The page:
A long-time regulator at the state Department of Environment and Natural Resources left her job at the regional office in Asheville on Friday. Before she left, Susan Wilson wrote a "Dear John" letter to DENR secretary John Skvarla.
It was not a cheery good-bye note. Wilson does not agree with the state's new outlook on environmental regulation. She added a "take this job and shove it" YouTube link to her email.
A DENR spokesman said Skvarla will be responding.
Update: Wilson said in a telephone interview Tuesday afternoon that she retired after about 24 1/2 years, "a little sooner than I wanted to."
She said she gave a lot of thought to what she wrote. "You don't do that lightly. I lit the fuse and burned the bridges."
Here's the email, obtained as the result of a public information request.
Subject: RE: Labor Day
Thanks so much for the note regarding Labor Day - you have always been timely with these, unlike some of your predecessors.
You and I are going to part ways today. I had a great "gig" here in the regional office - I had a great boss, great co-workers, I was still learning a good bit, and the good days were always outweighing the bad days. I was pretty certain (after my first 5 years) that I could outlast any administration the governor could appoint. I had no problem with the Martin administration - he was a man of science and no extremist.
Between your inappropriate mission statement, the dismantling of the Division of Water Quality, and HB74 (along with a few other gems from this session's NCGA), I see no reason to continue here - because my own mission - to assist all citizens and protect those that don't have a voice, would be compromised.
I was a good regulator - I had a bit of distrust for both sides of the aisle - which made me regulate evenly and with common sense and fair judgement. Over the past 24 years I've had the privilege to have worked with some of the most intelligent, articulate, and respected environmental scientists and engineers - I'd put them up against my friends in the private sector any day of the week. But the disdain for them (and me) by this administration is too much to bear.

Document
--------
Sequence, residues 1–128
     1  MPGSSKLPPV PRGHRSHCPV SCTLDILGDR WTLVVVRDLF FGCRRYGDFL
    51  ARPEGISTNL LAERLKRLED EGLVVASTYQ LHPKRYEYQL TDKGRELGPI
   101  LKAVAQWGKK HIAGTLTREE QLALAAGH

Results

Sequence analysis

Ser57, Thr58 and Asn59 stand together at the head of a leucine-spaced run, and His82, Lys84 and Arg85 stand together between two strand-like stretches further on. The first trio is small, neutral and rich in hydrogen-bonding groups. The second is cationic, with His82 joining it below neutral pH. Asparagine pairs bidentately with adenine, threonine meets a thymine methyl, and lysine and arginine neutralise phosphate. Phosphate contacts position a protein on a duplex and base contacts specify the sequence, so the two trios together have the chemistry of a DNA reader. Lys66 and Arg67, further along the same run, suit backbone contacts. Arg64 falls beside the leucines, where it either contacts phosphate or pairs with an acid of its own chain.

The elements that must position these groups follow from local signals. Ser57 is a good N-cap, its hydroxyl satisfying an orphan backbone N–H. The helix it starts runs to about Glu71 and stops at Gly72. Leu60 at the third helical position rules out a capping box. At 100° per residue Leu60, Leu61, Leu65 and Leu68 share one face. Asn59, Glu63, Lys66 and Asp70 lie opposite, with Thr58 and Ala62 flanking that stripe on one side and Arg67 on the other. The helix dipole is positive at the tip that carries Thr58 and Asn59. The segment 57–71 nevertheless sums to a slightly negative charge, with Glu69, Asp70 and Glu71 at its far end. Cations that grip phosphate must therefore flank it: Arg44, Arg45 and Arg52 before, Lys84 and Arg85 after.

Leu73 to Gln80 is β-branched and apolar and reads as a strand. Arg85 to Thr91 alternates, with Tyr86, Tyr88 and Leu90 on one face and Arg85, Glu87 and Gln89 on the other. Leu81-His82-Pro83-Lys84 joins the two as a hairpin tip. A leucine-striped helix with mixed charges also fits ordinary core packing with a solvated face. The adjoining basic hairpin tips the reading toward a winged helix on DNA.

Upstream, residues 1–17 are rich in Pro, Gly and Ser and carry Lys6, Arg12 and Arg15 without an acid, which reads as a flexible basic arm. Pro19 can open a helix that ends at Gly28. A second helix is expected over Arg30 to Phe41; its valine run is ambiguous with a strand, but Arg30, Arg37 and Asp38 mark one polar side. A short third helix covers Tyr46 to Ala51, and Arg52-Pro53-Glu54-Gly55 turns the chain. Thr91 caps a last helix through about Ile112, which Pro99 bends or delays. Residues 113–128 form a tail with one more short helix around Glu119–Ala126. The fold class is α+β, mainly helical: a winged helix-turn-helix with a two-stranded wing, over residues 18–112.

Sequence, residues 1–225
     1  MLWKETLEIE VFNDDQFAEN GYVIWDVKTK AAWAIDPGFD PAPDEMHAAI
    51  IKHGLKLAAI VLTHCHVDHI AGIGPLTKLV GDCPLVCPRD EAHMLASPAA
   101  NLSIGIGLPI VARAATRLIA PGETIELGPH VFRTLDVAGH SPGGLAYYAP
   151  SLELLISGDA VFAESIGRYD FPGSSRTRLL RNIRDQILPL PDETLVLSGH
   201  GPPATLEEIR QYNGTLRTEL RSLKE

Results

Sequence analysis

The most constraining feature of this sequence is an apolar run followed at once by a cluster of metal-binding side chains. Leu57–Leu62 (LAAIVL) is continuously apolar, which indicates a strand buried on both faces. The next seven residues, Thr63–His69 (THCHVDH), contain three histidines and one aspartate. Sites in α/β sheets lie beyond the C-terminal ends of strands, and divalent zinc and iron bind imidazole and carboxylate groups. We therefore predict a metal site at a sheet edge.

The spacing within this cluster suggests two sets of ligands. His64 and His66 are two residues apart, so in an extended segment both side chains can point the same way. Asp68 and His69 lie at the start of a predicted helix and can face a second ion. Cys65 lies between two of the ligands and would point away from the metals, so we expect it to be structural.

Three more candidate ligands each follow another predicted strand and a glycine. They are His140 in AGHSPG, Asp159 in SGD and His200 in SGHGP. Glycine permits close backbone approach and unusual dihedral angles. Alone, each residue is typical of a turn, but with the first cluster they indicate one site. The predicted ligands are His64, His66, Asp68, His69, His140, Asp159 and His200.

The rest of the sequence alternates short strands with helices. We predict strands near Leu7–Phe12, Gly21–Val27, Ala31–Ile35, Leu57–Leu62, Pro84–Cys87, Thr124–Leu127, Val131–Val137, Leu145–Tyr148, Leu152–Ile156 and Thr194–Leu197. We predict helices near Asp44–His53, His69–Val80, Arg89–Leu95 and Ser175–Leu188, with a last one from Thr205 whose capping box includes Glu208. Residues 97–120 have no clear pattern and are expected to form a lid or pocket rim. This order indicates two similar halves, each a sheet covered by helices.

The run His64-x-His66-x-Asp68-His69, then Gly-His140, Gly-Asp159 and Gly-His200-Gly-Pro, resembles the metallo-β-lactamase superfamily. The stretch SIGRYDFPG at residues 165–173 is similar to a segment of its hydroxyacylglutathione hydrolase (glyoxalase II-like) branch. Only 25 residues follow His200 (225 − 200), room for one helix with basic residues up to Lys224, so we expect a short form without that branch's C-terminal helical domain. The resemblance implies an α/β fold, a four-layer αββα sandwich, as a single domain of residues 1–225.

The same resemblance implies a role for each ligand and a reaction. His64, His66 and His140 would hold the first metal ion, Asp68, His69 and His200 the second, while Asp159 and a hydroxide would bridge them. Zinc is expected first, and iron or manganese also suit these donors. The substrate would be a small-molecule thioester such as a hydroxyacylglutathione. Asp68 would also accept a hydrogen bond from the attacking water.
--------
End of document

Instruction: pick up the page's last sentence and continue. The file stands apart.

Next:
When you pushed our reasonable, right-leaning WQ Director out, I knew we were in trouble. When you guys (and they are mostly guys...) pushed out a very thoughtful and judicial Environmental Management Commission chair, I knew we were moving into a sand pit that we weren't going to dig out of easily. When you, along with your "great Tom Reeder", decided to cleave off the stormwater programs and move it to Land Resources, who have never been trained for such..nor do they much care about WQ, I knew it was time to leave. I'm sure the 401 Water Quality program is next (especially since you said we should be more like TX and SC).
I'm all about customer service (as the majority of employees in DWQ are, and have always been), but that just seems to be a smokescreen for a very extremist republican agenda.
Likely there will be some uptick in the business environment in the next few years (mainly because the economy has started to recover from the disaster your friends on Wall Street created). But when the hot summers and the drought years come back, and we get fish kills again, and maybe there's fracking going on in the sandhills - it will be the fine folks at DENR who will get blamed for the chaos. The politicians and their appointees, that did the dismantling and created the chaos, will be long gone. We know the drill.
For my brothers and sisters in the Division of WATER QUALITY (the so called "seat warmers") who don't have the option to be able to move on, due to various obligations and a destroyed economy, let me leave you with a video I pilfered from the internet 'cause I didn't have the tools to make my own.
You can view this while I gather up my toothbrush and grab my loincloth to start heading out the door.